Maritime union calls for action to stop seafarer deaths in enclosed spaces

9 April 2015 (Last Updated April 9th, 2015 18:30)

Maritime professionals union Nautilus International has appealed to the UK Government to take necessary measures that would end seafarer fatalities in enclosed spaces.

Nautilus International

Maritime professionals union Nautilus International has appealed to the UK Government to take necessary measures that would end seafarer fatalities in enclosed spaces.

The union addressed a letter to Shipping Minister John Hayes asking for a ‘new and concerted drive to end the appalling litany’ of such deaths.

Nautilus took action following the deaths of two seafarers in a cargo hold of Carisbrooke Shipping’s vessel Sally Ann C last month.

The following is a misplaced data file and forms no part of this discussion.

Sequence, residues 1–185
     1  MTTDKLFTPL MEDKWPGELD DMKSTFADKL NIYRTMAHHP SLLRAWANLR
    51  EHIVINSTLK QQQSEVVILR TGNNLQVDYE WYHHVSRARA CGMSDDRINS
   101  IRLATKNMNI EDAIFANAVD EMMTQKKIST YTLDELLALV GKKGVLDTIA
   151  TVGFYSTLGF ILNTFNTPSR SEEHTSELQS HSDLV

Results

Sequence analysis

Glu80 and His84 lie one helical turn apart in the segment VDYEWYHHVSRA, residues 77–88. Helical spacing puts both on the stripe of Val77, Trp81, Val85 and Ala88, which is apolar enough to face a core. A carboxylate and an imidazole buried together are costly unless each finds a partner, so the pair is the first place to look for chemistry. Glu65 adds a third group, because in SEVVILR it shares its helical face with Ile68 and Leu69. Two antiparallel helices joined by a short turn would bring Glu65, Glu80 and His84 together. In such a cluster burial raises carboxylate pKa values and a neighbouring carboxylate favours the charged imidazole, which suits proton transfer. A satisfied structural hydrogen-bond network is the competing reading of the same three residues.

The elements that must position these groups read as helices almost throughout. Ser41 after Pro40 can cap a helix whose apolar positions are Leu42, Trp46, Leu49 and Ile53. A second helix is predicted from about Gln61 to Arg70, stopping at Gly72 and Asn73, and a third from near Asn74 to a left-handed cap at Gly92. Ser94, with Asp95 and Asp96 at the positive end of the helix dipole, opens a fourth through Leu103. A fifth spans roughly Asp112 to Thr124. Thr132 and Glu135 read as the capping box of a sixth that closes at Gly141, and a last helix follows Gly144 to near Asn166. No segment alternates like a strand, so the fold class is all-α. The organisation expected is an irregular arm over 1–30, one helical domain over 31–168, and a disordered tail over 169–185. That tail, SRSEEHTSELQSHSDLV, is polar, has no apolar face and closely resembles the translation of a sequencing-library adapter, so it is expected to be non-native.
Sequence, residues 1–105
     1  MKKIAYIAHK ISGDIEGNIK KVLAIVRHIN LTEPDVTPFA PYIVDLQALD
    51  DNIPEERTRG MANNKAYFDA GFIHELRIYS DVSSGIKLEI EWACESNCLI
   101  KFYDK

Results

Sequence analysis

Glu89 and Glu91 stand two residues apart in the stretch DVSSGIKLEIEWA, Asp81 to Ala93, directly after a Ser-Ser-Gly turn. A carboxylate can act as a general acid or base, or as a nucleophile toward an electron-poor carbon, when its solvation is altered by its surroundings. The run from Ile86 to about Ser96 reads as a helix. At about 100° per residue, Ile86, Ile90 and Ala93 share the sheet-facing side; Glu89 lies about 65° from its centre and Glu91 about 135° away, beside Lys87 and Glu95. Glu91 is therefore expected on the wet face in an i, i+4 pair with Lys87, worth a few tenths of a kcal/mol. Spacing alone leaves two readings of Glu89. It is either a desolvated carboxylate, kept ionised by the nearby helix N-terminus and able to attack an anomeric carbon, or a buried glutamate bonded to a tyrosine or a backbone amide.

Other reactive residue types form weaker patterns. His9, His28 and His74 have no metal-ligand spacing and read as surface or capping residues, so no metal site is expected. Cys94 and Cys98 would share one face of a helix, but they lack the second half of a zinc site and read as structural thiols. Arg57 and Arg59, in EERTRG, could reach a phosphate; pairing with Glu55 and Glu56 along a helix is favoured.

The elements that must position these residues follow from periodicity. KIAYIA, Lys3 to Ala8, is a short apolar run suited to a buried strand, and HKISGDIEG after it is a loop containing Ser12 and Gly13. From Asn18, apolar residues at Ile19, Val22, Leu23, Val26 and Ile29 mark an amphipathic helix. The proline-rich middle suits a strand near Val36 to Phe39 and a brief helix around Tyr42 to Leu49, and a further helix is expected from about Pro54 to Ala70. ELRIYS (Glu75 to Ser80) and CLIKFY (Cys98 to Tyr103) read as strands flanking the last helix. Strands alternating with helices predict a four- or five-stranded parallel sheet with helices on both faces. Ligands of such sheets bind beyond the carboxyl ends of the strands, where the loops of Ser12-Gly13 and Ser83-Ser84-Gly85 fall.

Nautilus general secretary Mark Dickinson said in the letter: "Changes in ship design and operation, the nature of cargoes, the increasing amounts of chemicals being carried, along with reduced manning levels and radical changes in crewing practices are all factors which have driven the increase in such incidents."

"Oxygen meters…positioned at the entrance to enclosed spaces would reinforce to seafarers the potential risks that they face."

Dickinson has requested the UK to lead European and international efforts to develop new approaches to the issue.

According to Nautilus, mandatory training requirements are essential to avoid further incidents.

The union also said that the IMO rules should ensure that all ships carry oxygen meters to ensure the crew can test the atmosphere in enclosed spaces.

According Dickinson, better consideration should be provided during ship design and build stages to address some of the inherent risks.

"We believe that requirements for oxygen meters to be positioned at the entrance to enclosed spaces would reinforce to seafarers the potential risks that they face, as well as providing ready access to information about the state of such spaces," Dickinson added.


Image: Nautilus requests efforts to end seafarer fatalities in enclosed spaces. Photo: courtesy of Nautilus International.